From the Field: Technology and Media Entrepreneurship in China

Hodan Osman

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China is like a sleeping giant. And when she awakes, she shall astonish the world.

–Napoleon Bonaparte, 1803

By most accounts, China is considered one of the most entrepreneurial countries worldwide. As the second largest economy in the world, it is also home to 53 percent of the world’s unicorns, a term coined by venture capitalist Aileen Lee in 2013 that refers to startups valued at $1 billion USD or more.[1] The combination of 108 Chinese unicorns in 2017 had a combined worth of more than $445 billion USD, a figure equivalent to the GDP of the world’s 26th largest economy.[2] Many of these rising unicorns are media and technology startups that are positioned to capitalize on the technological, socio-cultural, and socio-economic changes in the country. A report published in 2017 by Chinese startup database IT Juzi indicated that there were 34 new Chinese companies that year alone, with media companies such as Kuaishou, Kuaikan Manhua “Quick Comic,” and Luoji Siwei “Logical Thinking” dominating the list.[3]

The rapid economic developments in China in recent years have fostered technological innovations that have allowed for a new wave of media entrepreneurship to emerge. While some represent efforts by the state to appeal to the younger generations by funding and endorsing new media outlets, most are business ventures created by media professionals or individual entrepreneurs hoping to reach unicorn scale by succeeding within the Chinese markets that cater to 850 million people under the age of 40.[4] The high penetration rate of mobile phones and the Internet in China make it easy for startups to reach vast markets cheaply by tapping into the market of 731 million Internet users, and 695 million mobile phone users in the country.[5] Tencent, Baidu, WeChat, Youku, Weibo and Toutiao are all examples of explosive media enterprises that have witnessed tremendous growth in China in recent years. These platforms gained popularity with Chinese netizens, a term widely used to refer to Chinese Internet users, not only for giving them a platform to share and access information, but also for enabling users to make money as well. These platforms allowed their users to become their own entrepreneurs through multiple innovative methods.

This trend began with the rise of zi meiti or “self-media” in China, such as Tencent blogging in the early 2000s, followed by the later formation of Weibo, the Twitter-like social media app in 2010, and the launching of WeChat in 2011. While blogging spaces and Weibo accounts became important outlets for civic engagement and political participation, the use of platforms such as WeChat opened up the possibilities for users to make a significant financial income, turning their media participation activities into profitable entrepreneurial ventures.

WeChat, which is currently the most popular messaging app in China, has a platform ecosystem of over 200,000 developers and offers an ever-expanding range of services such as chat, voice and video calls, social media, news, payments, hotel booking, and so on to its almost 1 billion monthly active users.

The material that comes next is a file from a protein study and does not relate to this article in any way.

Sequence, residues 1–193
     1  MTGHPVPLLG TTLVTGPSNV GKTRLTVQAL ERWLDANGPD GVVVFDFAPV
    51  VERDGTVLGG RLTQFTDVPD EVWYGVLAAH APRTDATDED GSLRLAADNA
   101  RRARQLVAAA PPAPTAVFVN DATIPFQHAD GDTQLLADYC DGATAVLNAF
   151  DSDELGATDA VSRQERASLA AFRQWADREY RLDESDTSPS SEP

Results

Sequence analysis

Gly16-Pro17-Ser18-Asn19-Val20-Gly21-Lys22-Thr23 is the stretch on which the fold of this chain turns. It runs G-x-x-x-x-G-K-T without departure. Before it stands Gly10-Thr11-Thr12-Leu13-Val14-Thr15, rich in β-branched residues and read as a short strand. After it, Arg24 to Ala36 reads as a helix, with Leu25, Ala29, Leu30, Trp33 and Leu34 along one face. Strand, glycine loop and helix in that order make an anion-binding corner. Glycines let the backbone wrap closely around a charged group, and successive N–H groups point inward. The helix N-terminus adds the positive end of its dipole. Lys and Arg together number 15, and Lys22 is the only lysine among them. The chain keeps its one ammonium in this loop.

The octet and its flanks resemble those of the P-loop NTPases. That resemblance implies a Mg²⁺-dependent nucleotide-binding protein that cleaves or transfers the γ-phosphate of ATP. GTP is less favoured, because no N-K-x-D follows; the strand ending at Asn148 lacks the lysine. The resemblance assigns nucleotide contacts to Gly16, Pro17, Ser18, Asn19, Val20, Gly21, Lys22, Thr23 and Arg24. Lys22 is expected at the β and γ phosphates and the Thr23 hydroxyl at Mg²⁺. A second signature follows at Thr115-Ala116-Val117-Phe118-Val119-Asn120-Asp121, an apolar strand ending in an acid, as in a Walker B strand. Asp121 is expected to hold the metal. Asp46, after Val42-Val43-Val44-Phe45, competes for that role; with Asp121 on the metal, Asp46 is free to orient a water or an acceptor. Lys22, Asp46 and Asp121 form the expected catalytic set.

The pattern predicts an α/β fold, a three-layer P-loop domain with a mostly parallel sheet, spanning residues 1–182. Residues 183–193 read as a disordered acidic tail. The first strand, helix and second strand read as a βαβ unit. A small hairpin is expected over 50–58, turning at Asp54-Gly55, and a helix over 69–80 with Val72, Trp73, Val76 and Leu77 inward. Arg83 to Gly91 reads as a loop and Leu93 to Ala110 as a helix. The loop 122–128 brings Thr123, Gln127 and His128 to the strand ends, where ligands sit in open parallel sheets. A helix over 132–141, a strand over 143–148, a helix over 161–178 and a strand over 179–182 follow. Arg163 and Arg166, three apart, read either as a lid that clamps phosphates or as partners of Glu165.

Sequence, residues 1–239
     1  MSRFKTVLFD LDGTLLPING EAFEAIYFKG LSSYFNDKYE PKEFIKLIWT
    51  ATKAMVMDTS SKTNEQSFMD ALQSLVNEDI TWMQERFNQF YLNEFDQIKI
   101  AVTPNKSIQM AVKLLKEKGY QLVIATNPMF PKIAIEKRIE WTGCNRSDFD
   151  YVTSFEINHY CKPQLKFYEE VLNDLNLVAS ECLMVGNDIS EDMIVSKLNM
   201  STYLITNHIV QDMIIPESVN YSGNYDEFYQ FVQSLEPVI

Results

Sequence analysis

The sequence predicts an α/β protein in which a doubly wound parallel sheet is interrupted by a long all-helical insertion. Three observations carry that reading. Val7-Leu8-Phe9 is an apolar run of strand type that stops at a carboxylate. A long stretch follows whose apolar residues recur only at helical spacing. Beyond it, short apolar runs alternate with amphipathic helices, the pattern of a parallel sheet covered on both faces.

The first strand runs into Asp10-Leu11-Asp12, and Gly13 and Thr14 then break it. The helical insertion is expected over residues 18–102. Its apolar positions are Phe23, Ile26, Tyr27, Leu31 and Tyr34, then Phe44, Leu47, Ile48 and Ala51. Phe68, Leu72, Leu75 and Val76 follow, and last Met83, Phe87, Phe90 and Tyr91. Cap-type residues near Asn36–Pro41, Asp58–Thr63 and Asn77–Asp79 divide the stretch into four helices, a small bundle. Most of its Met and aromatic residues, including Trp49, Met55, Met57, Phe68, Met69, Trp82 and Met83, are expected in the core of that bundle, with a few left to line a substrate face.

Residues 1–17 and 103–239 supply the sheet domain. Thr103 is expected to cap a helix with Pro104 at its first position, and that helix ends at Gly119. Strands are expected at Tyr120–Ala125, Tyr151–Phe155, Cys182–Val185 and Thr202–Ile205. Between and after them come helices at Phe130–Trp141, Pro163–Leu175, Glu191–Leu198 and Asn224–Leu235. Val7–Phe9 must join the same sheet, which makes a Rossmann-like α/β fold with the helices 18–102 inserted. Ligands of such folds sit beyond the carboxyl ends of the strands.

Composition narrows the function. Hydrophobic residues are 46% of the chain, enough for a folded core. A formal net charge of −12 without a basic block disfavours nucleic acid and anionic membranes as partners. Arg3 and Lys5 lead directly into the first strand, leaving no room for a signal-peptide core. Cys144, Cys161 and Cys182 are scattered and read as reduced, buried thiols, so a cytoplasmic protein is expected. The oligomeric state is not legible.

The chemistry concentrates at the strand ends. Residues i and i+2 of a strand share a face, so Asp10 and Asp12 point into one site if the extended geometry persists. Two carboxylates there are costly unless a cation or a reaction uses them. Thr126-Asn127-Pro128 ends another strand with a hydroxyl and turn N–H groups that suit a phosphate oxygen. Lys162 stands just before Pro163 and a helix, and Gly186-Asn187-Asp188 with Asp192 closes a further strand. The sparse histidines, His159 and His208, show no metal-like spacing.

Communication Social Network Value-Added Services
Screencap from WeChat illustrating its communication functions as a social network - chat, contacts, profiles and a variety of social handles with messages. Image illustrates the social networking functions of WeChat, including discovery of moments shared by others. Value-added services in Wechat including card repay, mobile top-up, wealth, utilities, public services, tencent charity and QQ coins

Illustration of WeChat app functions, screenshot images provided by author.

WeChat was developed by Tencent Holdings, Asia’s most valuable listed company with a market capitalization of nearly $500 billion USD on the Nikkei Asian stock exchange at the end of 2017.[6] Tencent, China’s largest social network and gaming firm, rolled out WeChat in 2011 as a mobile-only messaging app that would disrupt SMS messaging and work on any phone and any mobile service. It first had only basic capabilities such as text messaging, creating voice clips, and sending photos. Later on, it added features such as video clips and a “find nearby users” function. The app quickly gained popularity and reached 100 million users in less than 14 months after launching, tripling that number the following year to reach 300 million users in 2013. In 2012, the app added voice and video call services, and opened up to national and international commercial brands by introducing public accounts users could follow by simply scanning a personalized QR code. Soon after that, the app introduced more value-added features including games, mobile payments, WeChat stores, and Mini programs. The app now has more than 1 billion active monthly users, and is currently rolling out its services worldwide in a plan to expand globally.